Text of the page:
Bob James: Well, I think everybody has heard of Lloyd's of London. Probably most people that will be on this podcast listening to it will be aware of the history, but it's an old institution. I think it's 350 years old, I'm probably getting the numbers off by a few years. Ironically, it started in a coffeehouse. And it was people in a coffee house trying to figure out how they were going to share risk on shipments of goods that were in boats going across the ocean. And where if the boat went down and it was a big loss, if they shared that loss with others, it was obviously mitigated. It's grown now. So if you take a look at the London insurance marketplace, which includes both people that trade on the Lloyd's platform and people that trade on their own platform and happen to do business in London. And the reason I say it that way is that all that business flows through the processing arm that we call Velonetic. And if you look at the statistics that that business processed in 2023, that's over 100 billion pounds revenue flow. So it's quite a big marketplace. It's about 300 brokers that trade in the London market, not including those that trade in other parts of the world and about 100 insurers. So it is a big market. And just to go back to the coffee house for a minute, I think it has retained a lot of what made Lloyd's successful in the beginning, which is not exclusively, but it's still largely a face-to-face trading market. And depending on what kind of statistics you want to believe, there's between 30 and 50,000 people that work in the London insurance market in that sort of epicentre of which Lloyd's sits in the middle of postal code EC3.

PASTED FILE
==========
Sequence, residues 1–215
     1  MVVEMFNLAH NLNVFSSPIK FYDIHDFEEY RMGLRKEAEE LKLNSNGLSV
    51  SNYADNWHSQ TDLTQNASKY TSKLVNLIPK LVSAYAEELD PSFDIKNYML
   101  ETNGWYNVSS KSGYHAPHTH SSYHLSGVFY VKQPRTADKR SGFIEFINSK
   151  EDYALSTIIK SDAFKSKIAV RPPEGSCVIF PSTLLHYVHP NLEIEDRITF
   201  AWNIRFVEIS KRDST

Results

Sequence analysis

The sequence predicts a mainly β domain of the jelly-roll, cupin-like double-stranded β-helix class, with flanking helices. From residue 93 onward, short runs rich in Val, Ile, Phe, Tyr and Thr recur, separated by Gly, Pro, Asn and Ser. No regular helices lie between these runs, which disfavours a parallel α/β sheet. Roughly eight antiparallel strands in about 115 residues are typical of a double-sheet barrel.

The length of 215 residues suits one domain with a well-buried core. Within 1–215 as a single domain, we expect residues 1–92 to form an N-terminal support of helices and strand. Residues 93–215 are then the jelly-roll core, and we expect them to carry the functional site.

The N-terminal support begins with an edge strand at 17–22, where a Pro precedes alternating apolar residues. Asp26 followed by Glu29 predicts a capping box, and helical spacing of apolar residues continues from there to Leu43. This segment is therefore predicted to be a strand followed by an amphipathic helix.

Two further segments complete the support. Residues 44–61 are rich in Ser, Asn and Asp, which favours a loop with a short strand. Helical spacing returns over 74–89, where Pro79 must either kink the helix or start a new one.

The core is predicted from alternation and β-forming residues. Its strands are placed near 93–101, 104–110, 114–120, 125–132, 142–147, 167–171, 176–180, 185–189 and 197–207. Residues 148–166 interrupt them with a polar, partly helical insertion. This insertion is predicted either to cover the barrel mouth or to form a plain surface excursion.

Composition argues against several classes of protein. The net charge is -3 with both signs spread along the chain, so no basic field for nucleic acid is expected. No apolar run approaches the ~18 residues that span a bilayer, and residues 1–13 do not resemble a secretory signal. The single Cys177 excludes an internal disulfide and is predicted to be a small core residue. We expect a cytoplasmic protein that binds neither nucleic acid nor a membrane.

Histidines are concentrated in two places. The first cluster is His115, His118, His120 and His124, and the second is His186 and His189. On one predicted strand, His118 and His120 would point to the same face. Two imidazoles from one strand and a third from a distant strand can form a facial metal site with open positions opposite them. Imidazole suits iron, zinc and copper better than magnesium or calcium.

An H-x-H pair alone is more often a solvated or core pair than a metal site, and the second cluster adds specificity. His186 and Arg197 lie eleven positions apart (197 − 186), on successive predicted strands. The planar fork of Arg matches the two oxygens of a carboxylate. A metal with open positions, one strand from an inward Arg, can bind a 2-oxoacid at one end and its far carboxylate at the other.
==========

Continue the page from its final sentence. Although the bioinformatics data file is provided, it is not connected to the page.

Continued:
Juan de Castro: And within that scope, when you think about Lloyd's and as you think about how that market is evolving from being a coffee shop 300 years ago. So how is it evolving now? What is the role of Lloyd's as an institution in driving innovation in that marketplace?


Bob James: Well, the Lloyd's Corporation, which is the corporation that I work for, whether you want to use the term manage, oversees, coordinates, the marketplace is responsible for three things. One is to make sure that the marketplace has the infrastructure to trade. Some of that is face-to-face. Some of that's obviously electronic. It has the responsibility from the UK government to regulate that marketplace, to make sure that the marketplace is doing business properly, that it's solvent, that it's making an appropriate amount of money so that it can survive into the future. And I think the third thing it does, which is hard to put a bottom line to in a spreadsheet, but it has a convening power. So it has the ability to bring people together, both in the marketplace itself, as well as outside the marketplace, to try to solve problems. And specifically, as it relates to innovation, there is this, I think, delineation between market participants, underwriters and brokers, who are trying to facilitate risk, for their end customers and their place in innovation versus the central infrastructure of Lloyd's, which needs to be able to facilitate those connectivities. So sometimes we do a lot on the innovation side. Sometimes we do a lot of the infrastructure side, but I see it first and foremost as providing, and I use the word infrastructure because it's not all digital, but providing the infrastructure so that the marketplace can efficiently trade and innovate.


Juan de Castro: A couple of the things you've mentioned, which is deploying that infrastructure to trade and connectivity, obviously a large part of that is the flow of data across different participants. And there are a number of initiatives like CDR. So, what are the major initiatives Lloyd's is pushing at the moment from a data connectivity innovation perspective?